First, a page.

If your de facto relationship broke down more than two years before the date of filing this application, an Application for Consent Orders is not the appropriate form. You should file an Application in a Case seeking the Court’s permission to bring an application for property settlement/maintenance.

Other documents you may need to file

If there has been no other case involving you at the Family Court registry in which your Application for Consent Orders is to be filed you must also file a copy of the certificate of registration of de facto relationship or other proof (if you were a party to a de facto relationship which is registered under a prescribed law of a state or territory and are seeking financial or de facto partner maintenance orders).

  • Child maintenance for children covered by the Child Support (Assessment) Act, that is, those under 18 who were born after 1 October 1989 or whose parents separated after that date—this is handled by the Child Support Agency which can be contacted on 131 272 for the cost of a local call.
  • Declarations about the existence of a de facto relationship.
  • Medical procedures.
  • Orders under cross vesting laws.
  • A parenting order in favour of a person who is not a parent, grandparent or other relative under Section 65G of the Family Law Act.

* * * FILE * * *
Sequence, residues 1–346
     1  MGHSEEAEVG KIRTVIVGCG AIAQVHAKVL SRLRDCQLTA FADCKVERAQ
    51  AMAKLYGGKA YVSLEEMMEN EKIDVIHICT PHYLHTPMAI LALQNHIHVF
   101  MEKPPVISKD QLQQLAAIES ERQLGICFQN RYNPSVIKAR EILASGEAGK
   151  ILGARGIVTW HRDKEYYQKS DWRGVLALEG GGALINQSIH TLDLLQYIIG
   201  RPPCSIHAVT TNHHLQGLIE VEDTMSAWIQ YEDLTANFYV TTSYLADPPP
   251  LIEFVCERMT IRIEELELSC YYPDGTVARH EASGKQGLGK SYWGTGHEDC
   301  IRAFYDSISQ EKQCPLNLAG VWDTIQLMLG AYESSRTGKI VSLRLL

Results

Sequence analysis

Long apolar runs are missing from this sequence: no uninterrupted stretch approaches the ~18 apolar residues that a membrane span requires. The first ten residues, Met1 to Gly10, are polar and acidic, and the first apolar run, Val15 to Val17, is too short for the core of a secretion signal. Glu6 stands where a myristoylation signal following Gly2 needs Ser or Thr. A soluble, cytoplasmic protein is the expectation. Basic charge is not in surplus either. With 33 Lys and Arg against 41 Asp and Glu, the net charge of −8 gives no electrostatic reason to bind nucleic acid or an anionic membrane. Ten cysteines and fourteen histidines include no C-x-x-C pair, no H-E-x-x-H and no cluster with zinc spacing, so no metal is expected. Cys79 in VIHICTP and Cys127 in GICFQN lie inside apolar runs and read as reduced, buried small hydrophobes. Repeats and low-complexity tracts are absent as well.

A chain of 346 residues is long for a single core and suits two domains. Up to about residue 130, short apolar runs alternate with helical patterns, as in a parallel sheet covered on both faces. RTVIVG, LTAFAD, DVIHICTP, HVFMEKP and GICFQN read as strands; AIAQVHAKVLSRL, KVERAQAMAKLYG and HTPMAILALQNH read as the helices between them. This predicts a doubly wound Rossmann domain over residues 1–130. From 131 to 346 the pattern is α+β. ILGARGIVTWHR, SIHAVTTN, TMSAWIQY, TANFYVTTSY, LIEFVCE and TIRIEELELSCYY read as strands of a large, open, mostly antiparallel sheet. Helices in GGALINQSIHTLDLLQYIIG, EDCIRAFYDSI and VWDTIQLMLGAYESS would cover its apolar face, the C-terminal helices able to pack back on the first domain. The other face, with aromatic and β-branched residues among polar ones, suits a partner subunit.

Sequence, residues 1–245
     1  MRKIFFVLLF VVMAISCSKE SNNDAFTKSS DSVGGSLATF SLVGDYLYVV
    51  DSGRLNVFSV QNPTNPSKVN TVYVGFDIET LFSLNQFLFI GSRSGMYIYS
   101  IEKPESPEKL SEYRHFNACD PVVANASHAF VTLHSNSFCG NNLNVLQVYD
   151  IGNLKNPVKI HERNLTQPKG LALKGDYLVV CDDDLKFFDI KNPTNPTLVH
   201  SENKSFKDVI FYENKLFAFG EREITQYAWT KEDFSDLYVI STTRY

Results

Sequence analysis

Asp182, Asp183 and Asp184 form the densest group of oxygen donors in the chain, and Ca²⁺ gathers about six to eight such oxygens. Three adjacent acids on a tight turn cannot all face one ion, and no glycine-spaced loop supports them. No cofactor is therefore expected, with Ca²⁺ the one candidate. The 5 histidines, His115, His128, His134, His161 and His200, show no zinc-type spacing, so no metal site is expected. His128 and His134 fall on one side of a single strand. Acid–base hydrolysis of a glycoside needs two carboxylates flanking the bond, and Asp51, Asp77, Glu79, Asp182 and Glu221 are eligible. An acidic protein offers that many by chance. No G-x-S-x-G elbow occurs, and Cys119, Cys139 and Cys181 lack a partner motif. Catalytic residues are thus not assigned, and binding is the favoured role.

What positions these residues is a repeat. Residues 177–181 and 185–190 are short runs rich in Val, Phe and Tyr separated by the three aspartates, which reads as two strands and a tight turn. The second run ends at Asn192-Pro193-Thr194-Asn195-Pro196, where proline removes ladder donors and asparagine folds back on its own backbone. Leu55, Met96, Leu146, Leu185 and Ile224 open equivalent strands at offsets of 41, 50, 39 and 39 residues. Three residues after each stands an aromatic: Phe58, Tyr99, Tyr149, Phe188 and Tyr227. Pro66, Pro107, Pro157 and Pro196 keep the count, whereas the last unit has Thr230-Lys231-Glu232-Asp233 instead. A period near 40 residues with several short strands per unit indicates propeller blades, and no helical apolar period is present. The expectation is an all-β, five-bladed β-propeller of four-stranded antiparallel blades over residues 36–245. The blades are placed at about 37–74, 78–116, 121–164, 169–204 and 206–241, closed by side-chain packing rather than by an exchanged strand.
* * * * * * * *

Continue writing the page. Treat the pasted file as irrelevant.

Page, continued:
You should seek legal advice before proceeding any further with any of these types of applications.

How do I choose which court to file my application in?

Consent orders applications can only be filed in the Family Court of Australia.

Filing an application with the Court

Helpful hint: For more information about eFiling applications on the Commonwealth Courts Portal see How do I eFile?

The Court recommends electronically filing (eFiling) applications. This allows you, within a secure website, access to information about your court file, the ability to eFile a range of applications and supporting documents, and to pay the filing fee, online 24/7. For information on eFiling your application click on eFile below.

You cannot eFile if:

  • you do not have access to the required technology,
  • you are unable to pay by credit/debit card online (see Helpful Hint under Unable to eFile)

If for any reason you cannot eFile the application click on Unable to eFile below.